Wednesday, 8 January 2014

One morning at MoDiP

I began working at MoDiP in early September and since then I have been on a fascinating journey into the world of plastics – who’d have thought? I, probably like the vast majority of people not employed in the plastics industry, have previously paid little attention to this ubiquitous and seemingly inert material that pervades our lives, but now I have a whole new perspective on it! 

I have come to appreciate plastic as something that has historical significance and has literally helped to mould and shape (pardon the pun) the world that we currently inhabit. What particularly tickled me today was when the MoDiP team gathered together to examine a bunch of goodies that had been kindly donated to us by a member of the Plastics Historical Society. It was like Christmas morning as we carefully removed each item from its protective bubble wrap cloak and examined it, touched it, exclaimed and discussed the pros and cons of injection moulding – the words geek central spring to mind! 

There was a whole range of items including speckled egg cups, fancy pomanders and combs made of Xylonite. There were salt and pepper pots in red and green, shaped like tulips and miniature boxes containing needles and matches – we spent ages commenting on which type of plastic each item was made from and looking for the tell-tale signs that it had been injection moulded.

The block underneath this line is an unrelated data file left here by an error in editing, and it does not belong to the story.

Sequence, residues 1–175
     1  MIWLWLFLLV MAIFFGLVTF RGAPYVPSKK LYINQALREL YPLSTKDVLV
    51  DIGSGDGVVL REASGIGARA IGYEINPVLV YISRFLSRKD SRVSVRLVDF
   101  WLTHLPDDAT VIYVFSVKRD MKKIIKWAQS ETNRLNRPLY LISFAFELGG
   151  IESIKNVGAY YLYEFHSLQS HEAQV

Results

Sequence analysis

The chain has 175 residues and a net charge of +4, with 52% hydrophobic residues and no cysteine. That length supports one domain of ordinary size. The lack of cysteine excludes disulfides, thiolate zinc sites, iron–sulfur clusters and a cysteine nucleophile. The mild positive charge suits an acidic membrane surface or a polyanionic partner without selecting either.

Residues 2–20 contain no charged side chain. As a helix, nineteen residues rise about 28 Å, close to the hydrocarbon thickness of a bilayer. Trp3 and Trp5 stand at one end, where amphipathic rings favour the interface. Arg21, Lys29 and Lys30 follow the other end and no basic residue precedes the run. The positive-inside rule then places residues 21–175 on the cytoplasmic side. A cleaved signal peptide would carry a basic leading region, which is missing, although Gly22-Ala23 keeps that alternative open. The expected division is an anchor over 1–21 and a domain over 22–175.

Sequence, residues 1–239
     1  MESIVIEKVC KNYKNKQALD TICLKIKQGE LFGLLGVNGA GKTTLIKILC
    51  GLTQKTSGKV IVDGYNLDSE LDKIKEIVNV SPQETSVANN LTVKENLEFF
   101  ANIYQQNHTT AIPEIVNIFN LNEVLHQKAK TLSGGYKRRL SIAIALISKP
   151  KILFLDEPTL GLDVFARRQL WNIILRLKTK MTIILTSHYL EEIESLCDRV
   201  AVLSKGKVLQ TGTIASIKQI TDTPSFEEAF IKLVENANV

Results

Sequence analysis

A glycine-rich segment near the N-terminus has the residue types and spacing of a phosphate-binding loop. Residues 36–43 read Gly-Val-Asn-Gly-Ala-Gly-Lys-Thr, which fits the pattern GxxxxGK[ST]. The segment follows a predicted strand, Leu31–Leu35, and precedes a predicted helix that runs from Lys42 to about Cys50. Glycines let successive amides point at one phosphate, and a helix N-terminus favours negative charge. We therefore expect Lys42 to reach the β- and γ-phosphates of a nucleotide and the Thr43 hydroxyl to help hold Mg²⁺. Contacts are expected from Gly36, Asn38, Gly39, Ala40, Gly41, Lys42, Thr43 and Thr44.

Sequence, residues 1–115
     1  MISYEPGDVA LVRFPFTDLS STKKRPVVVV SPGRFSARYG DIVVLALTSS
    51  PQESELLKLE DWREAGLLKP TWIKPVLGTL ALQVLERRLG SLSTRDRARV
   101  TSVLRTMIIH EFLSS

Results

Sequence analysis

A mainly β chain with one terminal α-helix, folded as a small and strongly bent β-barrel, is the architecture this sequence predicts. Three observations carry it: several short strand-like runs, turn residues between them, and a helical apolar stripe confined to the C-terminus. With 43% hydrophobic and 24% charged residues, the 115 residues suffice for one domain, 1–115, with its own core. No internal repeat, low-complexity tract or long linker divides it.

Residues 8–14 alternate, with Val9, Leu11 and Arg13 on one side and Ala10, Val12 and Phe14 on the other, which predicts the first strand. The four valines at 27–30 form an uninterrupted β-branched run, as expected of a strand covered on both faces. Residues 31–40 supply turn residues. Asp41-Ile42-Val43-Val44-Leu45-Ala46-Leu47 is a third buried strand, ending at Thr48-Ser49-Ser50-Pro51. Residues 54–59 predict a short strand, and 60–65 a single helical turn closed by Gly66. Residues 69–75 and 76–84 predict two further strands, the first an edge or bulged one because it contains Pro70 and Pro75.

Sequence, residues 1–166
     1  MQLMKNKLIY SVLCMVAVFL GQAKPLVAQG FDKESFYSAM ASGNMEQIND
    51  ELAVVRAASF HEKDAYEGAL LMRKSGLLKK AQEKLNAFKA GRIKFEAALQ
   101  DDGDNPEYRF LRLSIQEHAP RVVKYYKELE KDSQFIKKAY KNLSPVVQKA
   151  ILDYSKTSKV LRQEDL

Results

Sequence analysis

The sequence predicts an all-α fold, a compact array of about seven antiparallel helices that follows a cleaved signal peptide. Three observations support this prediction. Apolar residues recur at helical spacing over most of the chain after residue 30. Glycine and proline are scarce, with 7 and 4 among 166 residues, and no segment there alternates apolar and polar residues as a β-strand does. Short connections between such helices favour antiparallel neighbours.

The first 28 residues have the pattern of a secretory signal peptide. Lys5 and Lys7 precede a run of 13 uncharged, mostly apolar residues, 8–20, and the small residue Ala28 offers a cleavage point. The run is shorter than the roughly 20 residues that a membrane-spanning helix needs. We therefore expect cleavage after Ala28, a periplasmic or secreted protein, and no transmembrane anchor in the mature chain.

Some of the items dated back to the 1940s and it was interesting to note what was considered aesthetically pleasing then as opposed to now. Ultimately after an hour or so of examination and discussion we decided to keep everything that we had seen for our Collection. This is not always the case, as we have to be quite discerning. For example, if we already have a similar item in the Collection or the new object does not teach us anything new then sadly we have to return it to its original home. 

Acquiring items is not something we take lightly, as there is already more than 12,500 items in the MoDiP Collection and each item has to be given an accession number and then catalogued and photographed. It also has to be carefully and lovingly packaged away – so space is a consideration too! However, we always try to keep in mind the historical significance of objects and the purpose that they may have served at some point in time. There really is some leverage in the saying Plastic Fantastic! 

Julie Connery (MoDiP Administrator)

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